Cold War, Soviet-Russia

IS-4 – The Forgotten Soviet Heavy Tank

After coming up against the devastatingly effective German 88 mm guns, the Soviets began the development of a tank that would be immune to these weapons. To achieve this goal, engineers produced the IS-4, one of the most heavily armored tanks ever put into production.

The IS-4 had thicker armor on its sides than the Tiger II did on its front, and its rear was as thick as the turret face of the Tiger I. Armament came in the form of the trusty 122 mm D-25T gun.

Designers managed to cram all of this into a vehicle weighing less than 60 tons fully loaded.

However despite all of this the IS-4 is not remembered as a good vehicle. The Soviets did little with the tank, sending most of them off to the far reaches of the USSR as humble border guards and static pillboxes.

Since then, it has been overshadowed by its more famous sibling, the IS-3.

Why did this strong, powerful tank prove to be so underwhelming?



The IS family of Soviet heavy tanks effectively began in 1943, using the the KV series of tanks as a starting point. These tanks dated back to the 1930s, and were very nearly cancelled in 1943 due to offering few advantages over the cheaper, lighter and simpler T-34.

However this decision was reversed a few months later when the Soviets encountered the German Tiger and its fearsome 88 mm gun.

IS-1 prototype
This is an IS-1 prototype. The vehicle was quickly replaced by the IS-2.

The first in line was the IS-1, arriving in late 1943, but this was replaced a few months after by the much superior IS-2.

The IS-2 had a more intelligent armor layout and carried the large 122 mm A19 (later D-25T) gun. It was capable of smashing fortifications and tanks, but was still vulnerable to German 88 mm guns, particularly the “long” 88 L/71 used on vehicles like the Nashorn, Jagdpanther and Tiger II.

This was one of the most powerful anti-tank guns in the world at the time.

An IS-2M museum display.
Despite carrying a formidable gun of its own, the IS-2 (this example is an IS-2M) could still be knocked out by German guns.

Towards the end of 1943 the Soviets started work on a tank capable of surviving a hit from the 88 mm guns.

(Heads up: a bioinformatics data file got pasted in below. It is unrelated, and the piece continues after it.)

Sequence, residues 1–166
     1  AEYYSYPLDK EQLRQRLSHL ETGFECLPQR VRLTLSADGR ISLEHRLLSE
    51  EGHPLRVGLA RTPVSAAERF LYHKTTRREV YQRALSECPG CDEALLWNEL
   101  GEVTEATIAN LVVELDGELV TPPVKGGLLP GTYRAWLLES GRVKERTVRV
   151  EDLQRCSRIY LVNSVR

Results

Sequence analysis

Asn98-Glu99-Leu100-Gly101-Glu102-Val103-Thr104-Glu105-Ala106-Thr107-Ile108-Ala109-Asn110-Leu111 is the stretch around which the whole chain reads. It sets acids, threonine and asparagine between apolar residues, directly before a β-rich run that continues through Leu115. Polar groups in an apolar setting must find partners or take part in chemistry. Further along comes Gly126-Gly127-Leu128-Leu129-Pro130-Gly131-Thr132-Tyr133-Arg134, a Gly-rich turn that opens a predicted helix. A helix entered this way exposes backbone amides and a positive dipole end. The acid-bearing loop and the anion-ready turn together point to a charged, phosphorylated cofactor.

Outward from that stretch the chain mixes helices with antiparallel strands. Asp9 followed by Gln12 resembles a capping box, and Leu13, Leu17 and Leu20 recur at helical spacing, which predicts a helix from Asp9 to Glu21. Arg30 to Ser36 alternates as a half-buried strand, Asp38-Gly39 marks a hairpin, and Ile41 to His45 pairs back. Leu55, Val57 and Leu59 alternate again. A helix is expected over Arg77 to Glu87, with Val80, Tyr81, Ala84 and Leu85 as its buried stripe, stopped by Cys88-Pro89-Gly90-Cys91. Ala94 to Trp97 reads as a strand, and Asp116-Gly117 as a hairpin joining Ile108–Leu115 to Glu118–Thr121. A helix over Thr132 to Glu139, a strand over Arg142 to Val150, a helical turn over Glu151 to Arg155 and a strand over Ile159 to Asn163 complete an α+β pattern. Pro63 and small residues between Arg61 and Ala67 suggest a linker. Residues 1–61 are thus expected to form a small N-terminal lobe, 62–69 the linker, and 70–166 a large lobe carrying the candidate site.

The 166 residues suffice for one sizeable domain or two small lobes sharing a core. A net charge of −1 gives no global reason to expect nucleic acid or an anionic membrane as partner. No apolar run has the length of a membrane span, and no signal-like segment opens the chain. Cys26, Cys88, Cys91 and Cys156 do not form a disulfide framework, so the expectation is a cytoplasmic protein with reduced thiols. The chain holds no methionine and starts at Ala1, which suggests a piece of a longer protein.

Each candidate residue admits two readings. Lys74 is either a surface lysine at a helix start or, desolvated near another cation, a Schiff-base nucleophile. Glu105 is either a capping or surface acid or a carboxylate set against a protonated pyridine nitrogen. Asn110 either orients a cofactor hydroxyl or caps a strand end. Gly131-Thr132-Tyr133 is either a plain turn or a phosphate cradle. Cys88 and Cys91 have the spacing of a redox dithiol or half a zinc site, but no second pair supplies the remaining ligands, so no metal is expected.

Development of the IS-4

A series of prototypes for what would become the IS-4 were produced throughout the following year. Starting with Object 701, they had varying differences in armor layouts and thicknesses to perfect its protection.

In addition to thick armor, Object 701 was to incorporate technologies discovered on captured enemy vehicles, leading to it having a number of German-inspired features.

IS-4 front at Kubinka.
The armor profile of the IS-4 was similar to that of the IS-2, just with significantly thicker plates. Image by VORON SPb CC BY-SA 3.0.

By Spring of 1945 the design was able to survive direct hits from 88 mm guns and survive. Even the rear was able to take a shot from these guns.

The gun chosen was the D-25T, the same gun that had proven its worth on the IS-2. In fact, the tank was essentially a beefed up IS-2.

The tank progressed through trials successfully, but by now the IS-3 was entering production and the war was winding down.

An A-19 field gun.
The D-25 was a tank-derivative of the A-19 field gun developed in the 1930s. Image by Bin im Garten CC BY-SA 3.0.

As the IS-3 was deemed the more advanced vehicle, work on the Object 701 stopped. But over the next year the IS-3 would prove to have some significant teething problems, so the Soviets looked back at the IS-4 and resumed its development.

In April 1946, the Object 701 was accepted into service with the Soviet army as the IS-4.


The IS-4 was designed from the very start to be resistant to the 88 mm gun. It successfully achieved this goal, but it came at a cost.

It carried an insane amount of armor, but unlike other conventional tanks that position the bulk of their armor in certain areas, the IS-4 was well protected all around.

Its upper glacis was 140 mm thick, sloped backwards at 60 degrees. Below this was a 160 mm lower glacis plate, sloped backwards at 40 degrees.

IS-4 armor diagram.